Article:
Recidivist Fraudster Sentenced To 212 Months In Prison In Connection With $40 Million Ponzi Scheme And Other Frauds
Geoffrey S. Berman, the United States Attorney for the Southern District of New York, announced today the guilty plea of TERRY JOHNSON to falsifying records in an investigation within the jurisdiction of a federal agency. Specifically, JOHNSON, a former auditor and owner of a registered public accounting firm, pled guilty to knowingly submitting falsely backdated documents to the U.S. Securities and Exchange Commission (“SEC”) during an SEC investigation into his auditing practices. In response to SEC document requests, JOHNSON created and sent unsigned versions of the documents at issue to two of the companies he had audited and obtained backdated signatures on them. JOHNSON then submitted the backdated documents to the SEC as though they were authentic. JOHNSON then lied about his submission of these false documents during sworn SEC testimony.
Manhattan U.S. Attorney Geoffrey S. Berman said: “As he admitted today, Terry Johnson submitted false documents to the SEC in an attempt to obstruct its investigation of his auditing work. He then lied to cover it up. Regulators like the SEC play a key role in protecting the integrity of our markets, and efforts to interfere with agency investigations by means of fake documents and false testimony will not be tolerated.”
According to the Information, SEC public filings, and statements made during the plea proceeding:
At all relevant times, JOHNSON owned and ran an accounting firm that ostensibly audited the financial statements of publicly traded companies in order to ascertain whether the statements were accurate, truthful, and complete in accordance with Generally Accepted Accounting Principles (“GAAP”). JOHNSON did so under the oversight of the SEC and the Public Company Accounting Oversight Board (“PCAOB”), a non-profit corporation created by the Sarbanes-Oxley Act of 2002. JOHNSON was registered with the PCAOB.
Through his firm, JOHNSON audited several companies concerning their 2013 year-end financial statements, releasing audit reports for them in April 2014. In August 2014, the SEC’s Division of Enforcement sent a voluntary document request to JOHNSON, announcing that it was conducting a nonpublic fact finding inquiry and requesting that JOHNSON provide certain categories of backup documentation and work papers concerning his audits as part of that inquiry. In October 2014, the SEC issued a subpoena to JOHNSON, seeking substantially the same categories of documents, each of which was a critical part of the audit process.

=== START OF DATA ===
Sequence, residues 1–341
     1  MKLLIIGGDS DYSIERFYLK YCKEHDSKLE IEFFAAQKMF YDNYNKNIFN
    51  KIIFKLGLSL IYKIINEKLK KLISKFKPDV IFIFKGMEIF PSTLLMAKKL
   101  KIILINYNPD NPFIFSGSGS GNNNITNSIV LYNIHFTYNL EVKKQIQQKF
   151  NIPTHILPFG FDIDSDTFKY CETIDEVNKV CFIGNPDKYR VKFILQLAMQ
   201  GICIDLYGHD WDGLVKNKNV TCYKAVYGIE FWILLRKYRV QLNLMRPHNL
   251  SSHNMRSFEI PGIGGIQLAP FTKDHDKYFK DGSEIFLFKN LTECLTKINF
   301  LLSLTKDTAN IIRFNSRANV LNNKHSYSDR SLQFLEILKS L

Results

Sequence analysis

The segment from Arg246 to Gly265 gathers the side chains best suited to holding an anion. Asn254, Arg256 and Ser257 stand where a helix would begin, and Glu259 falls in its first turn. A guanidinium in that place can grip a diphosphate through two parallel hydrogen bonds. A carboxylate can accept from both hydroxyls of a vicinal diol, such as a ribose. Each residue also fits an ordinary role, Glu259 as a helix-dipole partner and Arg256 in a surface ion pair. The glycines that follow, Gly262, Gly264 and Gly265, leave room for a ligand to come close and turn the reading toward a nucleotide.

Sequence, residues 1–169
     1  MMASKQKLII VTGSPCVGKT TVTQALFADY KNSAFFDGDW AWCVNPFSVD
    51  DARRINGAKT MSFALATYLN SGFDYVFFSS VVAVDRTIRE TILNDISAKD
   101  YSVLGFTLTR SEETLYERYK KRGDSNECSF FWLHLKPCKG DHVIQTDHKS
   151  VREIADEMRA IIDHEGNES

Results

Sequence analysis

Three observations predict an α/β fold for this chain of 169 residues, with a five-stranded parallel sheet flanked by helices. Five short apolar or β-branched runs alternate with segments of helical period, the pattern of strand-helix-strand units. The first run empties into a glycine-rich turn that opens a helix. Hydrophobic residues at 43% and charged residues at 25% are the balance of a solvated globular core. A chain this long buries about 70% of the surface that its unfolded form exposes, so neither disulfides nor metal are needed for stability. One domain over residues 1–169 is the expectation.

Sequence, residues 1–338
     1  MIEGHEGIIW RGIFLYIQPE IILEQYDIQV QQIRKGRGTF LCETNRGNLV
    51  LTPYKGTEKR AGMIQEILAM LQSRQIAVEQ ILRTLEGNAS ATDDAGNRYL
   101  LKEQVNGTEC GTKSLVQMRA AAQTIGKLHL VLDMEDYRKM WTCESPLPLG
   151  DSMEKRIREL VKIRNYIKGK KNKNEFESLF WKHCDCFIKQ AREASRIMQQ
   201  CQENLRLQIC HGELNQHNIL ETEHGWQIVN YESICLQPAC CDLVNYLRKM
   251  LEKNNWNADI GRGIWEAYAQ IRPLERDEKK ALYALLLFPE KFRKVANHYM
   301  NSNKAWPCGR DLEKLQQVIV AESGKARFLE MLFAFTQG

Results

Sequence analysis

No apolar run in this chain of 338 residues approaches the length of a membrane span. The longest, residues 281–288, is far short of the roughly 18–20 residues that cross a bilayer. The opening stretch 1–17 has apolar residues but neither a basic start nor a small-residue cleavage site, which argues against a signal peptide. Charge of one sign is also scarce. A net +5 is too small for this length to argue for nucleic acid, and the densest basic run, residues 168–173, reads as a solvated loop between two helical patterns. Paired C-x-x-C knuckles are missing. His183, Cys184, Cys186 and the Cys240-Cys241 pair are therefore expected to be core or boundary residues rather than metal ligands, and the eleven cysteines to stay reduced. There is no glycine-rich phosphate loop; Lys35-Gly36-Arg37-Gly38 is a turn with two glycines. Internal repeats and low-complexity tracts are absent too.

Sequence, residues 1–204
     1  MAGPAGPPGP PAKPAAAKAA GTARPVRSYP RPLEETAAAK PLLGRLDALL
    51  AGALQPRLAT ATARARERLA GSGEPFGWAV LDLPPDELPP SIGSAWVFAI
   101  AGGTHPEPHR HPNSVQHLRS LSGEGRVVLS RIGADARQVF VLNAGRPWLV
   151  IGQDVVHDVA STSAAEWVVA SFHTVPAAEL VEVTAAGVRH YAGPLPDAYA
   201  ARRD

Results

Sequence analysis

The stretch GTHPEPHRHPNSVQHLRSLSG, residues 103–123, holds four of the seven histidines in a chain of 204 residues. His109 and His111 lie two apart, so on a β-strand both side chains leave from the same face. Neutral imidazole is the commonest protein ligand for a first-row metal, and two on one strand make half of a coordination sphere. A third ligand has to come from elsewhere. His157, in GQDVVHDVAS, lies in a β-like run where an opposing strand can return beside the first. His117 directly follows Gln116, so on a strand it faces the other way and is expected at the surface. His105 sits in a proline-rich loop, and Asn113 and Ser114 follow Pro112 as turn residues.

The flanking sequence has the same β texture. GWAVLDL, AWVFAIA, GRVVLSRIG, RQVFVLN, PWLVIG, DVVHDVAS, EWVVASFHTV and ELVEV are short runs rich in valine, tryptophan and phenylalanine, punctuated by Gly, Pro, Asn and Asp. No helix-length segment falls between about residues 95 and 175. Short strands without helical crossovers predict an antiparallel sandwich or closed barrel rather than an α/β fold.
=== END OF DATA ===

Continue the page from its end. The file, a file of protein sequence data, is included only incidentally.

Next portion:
JOHNSON provided documents responsive to the voluntary document request in September 2014 and additional documents responsive to both the voluntary request and the subpoena in November 2014. The documents were supposed to have been those generated or obtained in the course of producing the April 2014 audit reports. In truth, certain of the requested documentation did not exist. Rather than admit this to the SEC, upon receiving the SEC’s requests for documents, JOHNSON created certain of the requested documents, sent unsigned copies of the documents to officials at the relevant client companies, and requested that the documents be signed and backdated to a date consistent with JOHNSON having obtained the signed documents during the course of his relevant audit work. When JOHNSON received the signed and backdated documents, he submitted them to the SEC as though they were authentic.
In March 2015, JOHNSON, during sworn testimony before the SEC, lied repeatedly under oath concerning his submission of the backdated documents. Ultimately, the SEC inquiry resulted in an SEC order sanctioning JOHNSON for committing securities fraud and improper professional conduct. JOHNSON was assessed financial penalties and barred from appearing or practicing before the SEC as an accountant.
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JOHNSON, 60, of Casselberry, Florida, pled guilty to one count of submitting false records in an investigation of a matter within the jurisdiction of a federal agency. The charge carries a maximum term of 20 years in prison. The maximum potential penalty is prescribed by Congress and is provided here for informational purposes only, as any sentencing of the defendant will be determined by the judge.
Mr. Berman thanked the SEC and praised the investigative work of the SEC’s Office of the Inspector General and the Criminal Investigators of the United States Attorney’s Office.
This case is being handled by the Office’s Securities and Commodities Task Force. Assistant United States Attorney Martin S. Bell is in charge of the prosecution.